Object Storage vs. Block Storage: Which is Right for Your Enterprise?

The total volume of our stored data continues to explode as the type of data we store diversifies. Object storage and block storage are two methodologies for handling data, but while both systems have their strengths, neither is a panacea. Which is right for your enterprise? Let’s take a closer look to find out.

What is Block Storage?

The older of the two formats – though by no means outdated – is Block Storage. This system breaks down data into individual blocks, assigning each block an address, and distributing them efficiently across a storage medium. In a traditional file system, data would be stored in a hierarchy of file folders, but under a block paradigm, no hierarchy is necessary. When a file is called for retrieval, the server locates each block by its unique identifier, collects them, and reassembles the file. These blocks can even be distributed across multiple networked systems, unburdening one single system from the full workload. The upshot to this approach is it allows multiple users quick paths to each block, enabling data to be recalled in a fast and efficient manner. However, while each block has its own unique identifier, the file system is limited in what metadata can be associated with the data as a whole. This leaves the role of metadata handling up to ancillary softwares and databases.

There are cloud service providers that offer block storage solutions, but block excels in low-latency environments such as a local network. It writes, retrieves, and modifies files quickly by design. Changes to data can be done at the block level, meaning not every block is required to be fully retrieved by the system to make modifications to a file. This makes block storage best suited for databases that require frequent access, and high-performance applications, particularly across fiber optic connections. Furthermore, cloud implementations can be cost prohibitive, as users often pay for even unused storage capacity in a block-based system.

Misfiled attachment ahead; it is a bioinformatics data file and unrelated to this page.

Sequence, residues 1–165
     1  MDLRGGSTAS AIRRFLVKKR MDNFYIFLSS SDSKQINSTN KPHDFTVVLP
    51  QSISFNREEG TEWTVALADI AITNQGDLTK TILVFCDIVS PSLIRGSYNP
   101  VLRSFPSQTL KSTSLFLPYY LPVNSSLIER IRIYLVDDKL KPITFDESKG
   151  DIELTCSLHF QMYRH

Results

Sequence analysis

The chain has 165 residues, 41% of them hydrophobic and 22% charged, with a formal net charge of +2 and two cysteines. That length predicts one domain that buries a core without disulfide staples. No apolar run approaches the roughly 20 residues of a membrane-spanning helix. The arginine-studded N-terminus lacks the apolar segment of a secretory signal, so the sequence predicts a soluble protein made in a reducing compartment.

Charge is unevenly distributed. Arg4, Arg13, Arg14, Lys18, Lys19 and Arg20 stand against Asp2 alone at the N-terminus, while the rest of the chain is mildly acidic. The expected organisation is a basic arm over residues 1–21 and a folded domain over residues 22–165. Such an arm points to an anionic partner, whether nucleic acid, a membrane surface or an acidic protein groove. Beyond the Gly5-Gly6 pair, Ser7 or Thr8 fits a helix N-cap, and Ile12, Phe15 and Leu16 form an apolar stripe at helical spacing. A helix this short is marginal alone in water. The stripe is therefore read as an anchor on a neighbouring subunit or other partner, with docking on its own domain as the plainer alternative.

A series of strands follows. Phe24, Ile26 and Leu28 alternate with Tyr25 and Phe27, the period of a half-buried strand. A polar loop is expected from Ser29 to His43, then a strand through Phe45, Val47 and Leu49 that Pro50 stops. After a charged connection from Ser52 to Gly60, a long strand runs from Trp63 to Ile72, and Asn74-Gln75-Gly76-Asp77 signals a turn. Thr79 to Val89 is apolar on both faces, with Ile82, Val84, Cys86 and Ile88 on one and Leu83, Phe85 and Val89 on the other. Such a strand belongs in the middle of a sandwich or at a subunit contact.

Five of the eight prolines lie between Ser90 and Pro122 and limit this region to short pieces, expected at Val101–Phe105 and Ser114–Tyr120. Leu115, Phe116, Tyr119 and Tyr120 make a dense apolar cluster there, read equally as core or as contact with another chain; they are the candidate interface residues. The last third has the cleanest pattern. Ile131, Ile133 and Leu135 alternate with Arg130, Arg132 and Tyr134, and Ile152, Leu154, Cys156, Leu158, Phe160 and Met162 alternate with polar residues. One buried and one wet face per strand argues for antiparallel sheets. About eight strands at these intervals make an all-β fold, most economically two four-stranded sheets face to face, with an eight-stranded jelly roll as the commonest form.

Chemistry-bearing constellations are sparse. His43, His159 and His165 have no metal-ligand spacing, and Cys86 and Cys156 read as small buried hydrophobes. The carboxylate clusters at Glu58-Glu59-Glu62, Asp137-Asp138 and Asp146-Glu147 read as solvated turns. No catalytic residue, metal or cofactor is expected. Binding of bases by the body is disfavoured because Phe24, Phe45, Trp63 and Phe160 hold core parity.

Lastly, block has a long history and is well-supported, and enterprises may find it useful (or even necessary) for running legacy softwares that are unfamiliar with newer protocols.

Also read: The Future of Network Management with AIOps

What is Object Storage?

Modern problems require modern solutions. Archival databases are getting bigger, file sizes are ballooning, and the benefits of high-speed internet coupled with deep wells of storage allow services like YouTube to host an absolutely colossal amount of data. While block storage can serve these needs, these are problems best addressed by a completely different paradigm. Enter Object Storage: a data storage methodology working on the conceptual-inverse of block storage.

Rather than breaking data into constituent fragments, object storage treats data as a whole, but adds two additional layers of information: a unique identifier and metadata. With these three pieces in hand, the final “object” is assembled. The resultant object is then stored on a flat address space — meaning no hierarchy is required — where it is retrieved by its unique identifier.